Edwards: Four-Year Term Will Drive Voter Turnout, Participation

Councilor Lydia Edwards this week said she will defend and support the Council’s recent vote to start the process of creating a four-year term for City Council – dispatching the current two-year election cycle for the Council.

The vote by the Council on Feb. 13 was part of a larger package that included early voting in municipal elections and instituting the ‘Yancy Rule’ to prevent someone from running for Council and mayor in the same election.

The most controversial piece of that package however – which does require mayoral and state legislative approval before it can become law – is making a four-year term for the Council. The effort was attempted a few years ago, but failed at the State House, and now the Council is making a new attempt to extend their terms.

Councilor Edwards said many people have characterized it as members of the Council trying to enact an unfair advantage by creating longer terms. She said that could not be further from the case and that it is all about increasing voter turnout.

“In this election coming, the amount of folks that would come out in an off-year election between a mayoral and presidential election is going to be dismal,” she said. “I will be doing everything I can to get people to vote, but voters don’t see the point of coming out. We need ideas to get people to vote and this one of them.”

She said by making a new four-year term that is co-terminus with the mayor, they would be able to create more accountability for members and generate more interest in their election.

“We are trying to align it with the mayoral elections,” she said. “We want the turnout and an even playing field. The City Council serves just as important a function as the mayor and should be just as accountable as the mayor. I do believe people will come out and vote in larger numbers if we do this.”

Councilor Michelle Wu and Councilor Josh Zakim were the lone votes against the longer term in what was an 11-2 vote on Feb. 13.

Wu said she and Zakim voted against it because they were concerned it would raise barriers for candidates. She pointed out that it has been 22 years since an incumbent councilor was unseated by a challenger in a co-terminus mayoral election.

“Absent campaign finance reform, this would double the amount of time and number of years that incumbents could build up war chests and make it more difficult for a first-time candidate to raise the resources for a credible campaign,” she wrote. “Many of the instances where new candidates successfully challenged incumbents have occurred in the non-Mayoral years, so we would effectively halve the opportunities for new candidates to join the Council.”

Edwards disagreed with that assertion and said that the four-year term would actually help challengers get prepared to run against an incumbent.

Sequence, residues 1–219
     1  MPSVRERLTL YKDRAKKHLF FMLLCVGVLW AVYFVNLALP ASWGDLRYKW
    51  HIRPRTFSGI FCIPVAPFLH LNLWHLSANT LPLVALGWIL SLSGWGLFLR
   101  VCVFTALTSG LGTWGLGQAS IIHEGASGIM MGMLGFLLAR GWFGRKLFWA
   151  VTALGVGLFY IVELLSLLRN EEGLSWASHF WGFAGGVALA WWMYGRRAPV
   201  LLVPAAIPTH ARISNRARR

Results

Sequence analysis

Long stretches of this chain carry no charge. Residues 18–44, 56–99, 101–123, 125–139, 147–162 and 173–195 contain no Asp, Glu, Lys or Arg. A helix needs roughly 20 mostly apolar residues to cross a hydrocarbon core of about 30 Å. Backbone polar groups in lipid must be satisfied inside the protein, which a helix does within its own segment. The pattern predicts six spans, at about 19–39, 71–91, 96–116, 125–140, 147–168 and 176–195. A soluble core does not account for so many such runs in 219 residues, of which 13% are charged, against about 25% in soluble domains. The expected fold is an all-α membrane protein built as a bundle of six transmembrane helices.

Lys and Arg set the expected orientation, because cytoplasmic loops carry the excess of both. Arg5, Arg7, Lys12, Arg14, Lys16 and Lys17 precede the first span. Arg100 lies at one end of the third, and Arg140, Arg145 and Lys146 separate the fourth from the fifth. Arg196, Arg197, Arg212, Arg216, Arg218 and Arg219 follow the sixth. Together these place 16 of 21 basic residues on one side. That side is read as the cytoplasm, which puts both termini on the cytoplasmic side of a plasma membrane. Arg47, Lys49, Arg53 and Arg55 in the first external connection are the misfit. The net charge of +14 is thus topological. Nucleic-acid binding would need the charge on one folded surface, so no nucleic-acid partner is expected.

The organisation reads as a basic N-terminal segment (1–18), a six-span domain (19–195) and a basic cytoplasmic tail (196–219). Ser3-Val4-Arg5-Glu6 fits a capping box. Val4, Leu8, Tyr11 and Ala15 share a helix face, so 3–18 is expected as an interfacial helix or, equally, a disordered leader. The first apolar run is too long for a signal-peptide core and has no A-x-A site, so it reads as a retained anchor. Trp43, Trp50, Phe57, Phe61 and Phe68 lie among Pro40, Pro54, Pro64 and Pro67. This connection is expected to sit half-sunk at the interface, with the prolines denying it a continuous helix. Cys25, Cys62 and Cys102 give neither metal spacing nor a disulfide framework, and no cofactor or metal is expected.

“They say a longer term will discourage new challengers from coming forward,” she said. “That’s ridiculous. That’s exactly the opposite of what we’re seeing…Four-year terms allow a challenger to really get their message and money together and that could make them a much more formidable challenger.”

On a procedural point, Edwards said she is insulted that such an intimate Boston-only elections change has to go through the State House and be approved by representatives from as far away as Sudbury and Pittsfield.

“The representative of Sudbury has more impact on whether or not I get a four-year term than my constituents in Charlestown do,” she said. “I would love to go directly to the people in my district and hear what they think and abide by their sentiments. This only impacts Bostonians… I think that’s just offensive.”

The matter still is far from implementation and, if passed, wouldn’t go into effect until 2021 – two election cycles away. It still has to be signed by the mayor and forwarded to the State House as a Home Rule Petition. 

•In other news, Councilor Edwards visited the Navy Yard on Feb. 7 and had a lot of information for residents about the new Boston Planning and Development Agency’s activation plans.

She said she does not support any sort of Ferris Wheel, but she does support activating the Yard and making it more friendly to those in other parts of Charlestown – particularly those from Bunker Hill and Newtowne who may not venture across Chelsea Street now.

She said while there are a lot of controversies with some of the projects that have moved forward, she said it is a pilot and a chance for operators to earn the neighborhood trust.

“This is a pilot and a chance for them to earn our support and earn a place as a good neighbor in Charlestown,” she said. “If they don’t earn it, tough cookies for them. I’m happy they want to try to earn that respect and good neighbor status.”

She said she will not be building the area for tourists.

“I will not be interested in designing a neighborhood for tourists,” she said. •In-Town Shuttle? Edwards said she has been considering lately an idea of a private loop shuttle throughout Charlestown that would bring people from all over the Town to access the MBTA ferry service in the Navy Yard. She said it could be mitigation for many of the projects going on in the Town, including the casino or Bunker Hill or Hood Park.

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